Even when ERP systems talk about their automation solutions, they are usually bolt on applications that are little more than bar code data collection systems. They do not fundamentally change the nature of ERP. They do not monitor, control and improve the factory activities required to produce parts in a high quality and high performance manner.
The Paperless Shop Floor
Progressive manufacturing companies are looking to create a truly paperless shop floor. When a system is designed to be paperless software, you are not required to print routers or other documents to go paperless. Your MES system gets its information directly from your equipment or the source data file for “controlled” document delivery.
As a result, your shop floor records are more accurate. MES systems capture quantities completed, process parameters and even quality information automatically.
You can be certain that your team is working on the right priorities because the APS schedule automatically adapts to what’s happening in the real world, including changes in demand that are updating the dispatch list on the floor electronically as needed.
You will also save money because you won’t have to print routers, travelers and other shop floor documents. Your team can view production status and their priorities on mobile devices or screens on the shop floor if they need timely information. Unlike with ERP, it’s always accurate and always timely. Paperless software is also good for the environment as well as saving money. If your green initiatives call for reducing the amount of paper you use, MES software will help you do just that, since it is paperless software designed for a paperless shop floor.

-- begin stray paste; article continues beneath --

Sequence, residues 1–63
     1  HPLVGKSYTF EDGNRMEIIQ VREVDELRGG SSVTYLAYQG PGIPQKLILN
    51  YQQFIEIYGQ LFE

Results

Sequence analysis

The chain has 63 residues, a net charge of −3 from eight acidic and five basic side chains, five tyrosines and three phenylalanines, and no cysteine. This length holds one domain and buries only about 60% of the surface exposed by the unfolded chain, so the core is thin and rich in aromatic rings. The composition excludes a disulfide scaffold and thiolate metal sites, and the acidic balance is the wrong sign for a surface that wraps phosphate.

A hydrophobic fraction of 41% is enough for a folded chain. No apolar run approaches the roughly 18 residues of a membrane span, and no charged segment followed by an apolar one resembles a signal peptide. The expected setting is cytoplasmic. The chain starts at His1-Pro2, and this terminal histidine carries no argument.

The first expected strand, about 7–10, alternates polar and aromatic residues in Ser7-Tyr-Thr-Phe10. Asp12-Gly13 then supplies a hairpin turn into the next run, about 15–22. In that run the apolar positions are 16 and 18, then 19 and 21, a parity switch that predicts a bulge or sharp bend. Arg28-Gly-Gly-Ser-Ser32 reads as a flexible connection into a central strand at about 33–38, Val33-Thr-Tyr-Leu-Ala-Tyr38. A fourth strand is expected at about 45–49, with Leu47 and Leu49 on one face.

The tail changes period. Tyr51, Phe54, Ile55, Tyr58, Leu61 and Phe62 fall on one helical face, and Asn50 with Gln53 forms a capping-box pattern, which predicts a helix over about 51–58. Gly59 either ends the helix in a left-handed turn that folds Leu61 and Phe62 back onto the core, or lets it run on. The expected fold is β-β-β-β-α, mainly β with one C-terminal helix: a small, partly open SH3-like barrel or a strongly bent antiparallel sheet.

Reduced Costs Equals Increased Profits
MES systems reduce costs in many ways. They reduce scrap and rework costs. They reduce obsolete inventory by eliminating needless overruns, and improve inventory accuracy by tracking production processes in real time. They provide error proofing and traceability of the material used on each job. An MES system will increase throughput by reducing downtime and increasing OEE (overall equipment effectiveness). MES software eliminates input errors because it doesn’t rely on manual input, and it will reduce paper use through the paperless software design.
The net result of all this cost savings is an increase in margins and profitability. You may even see an increase in revenue as customers buy more from you when they realize that your delivery information is more accurate than your competitors’—and that you offer consistent quality. MES systems have one of the shortest ROI cycles of any major software solution because they are quick to implement and the benefits go immediately and quickly to the bottom line.
The question shouldn’t be whether you can afford an MES software. The question should be whether you can afford not to have one.